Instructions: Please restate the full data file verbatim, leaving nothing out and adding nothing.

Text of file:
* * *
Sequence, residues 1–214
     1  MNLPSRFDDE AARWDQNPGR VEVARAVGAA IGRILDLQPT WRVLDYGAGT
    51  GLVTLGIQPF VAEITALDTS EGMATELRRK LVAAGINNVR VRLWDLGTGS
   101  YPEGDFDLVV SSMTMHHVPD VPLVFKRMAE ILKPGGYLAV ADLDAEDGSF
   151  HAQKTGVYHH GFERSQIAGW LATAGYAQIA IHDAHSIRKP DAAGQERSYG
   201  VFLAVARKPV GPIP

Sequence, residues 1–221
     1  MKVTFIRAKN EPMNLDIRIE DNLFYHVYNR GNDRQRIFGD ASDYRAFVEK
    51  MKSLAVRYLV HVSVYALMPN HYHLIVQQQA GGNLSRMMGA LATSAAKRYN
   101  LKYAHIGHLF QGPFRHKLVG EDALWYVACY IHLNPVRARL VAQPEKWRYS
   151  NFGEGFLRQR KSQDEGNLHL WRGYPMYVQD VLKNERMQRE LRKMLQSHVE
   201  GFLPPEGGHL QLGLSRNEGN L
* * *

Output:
Sequence, residues 1–214
     1  MNLPSRFDDE AARWDQNPGR VEVARAVGAA IGRILDLQPT WRVLDYGAGT
    51  GLVTLGIQPF VAEITALDTS EGMATELRRK LVAAGINNVR VRLWDLGTGS
   101  YPEGDFDLVV SSMTMHHVPD VPLVFKRMAE ILKPGGYLAV ADLDAEDGSF
   151  HAQKTGVYHH GFERSQIAGW LATAGYAQIA IHDAHSIRKP DAAGQERSYG
   201  VFLAVARKPV GPIP

Sequence, residues 1–221
     1  MKVTFIRAKN EPMNLDIRIE DNLFYHVYNR GNDRQRIFGD ASDYRAFVEK
    51  MKSLAVRYLV HVSVYALMPN HYHLIVQQQA GGNLSRMMGA LATSAAKRYN
   101  LKYAHIGHLF QGPFRHKLVG EDALWYVACY IHLNPVRARL VAQPEKWRYS
   151  NFGEGFLRQR KSQDEGNLHL WRGYPMYVQD VLKNERMQRE LRKMLQSHVE
   201  GFLPPEGGHL QLGLSRNEGN L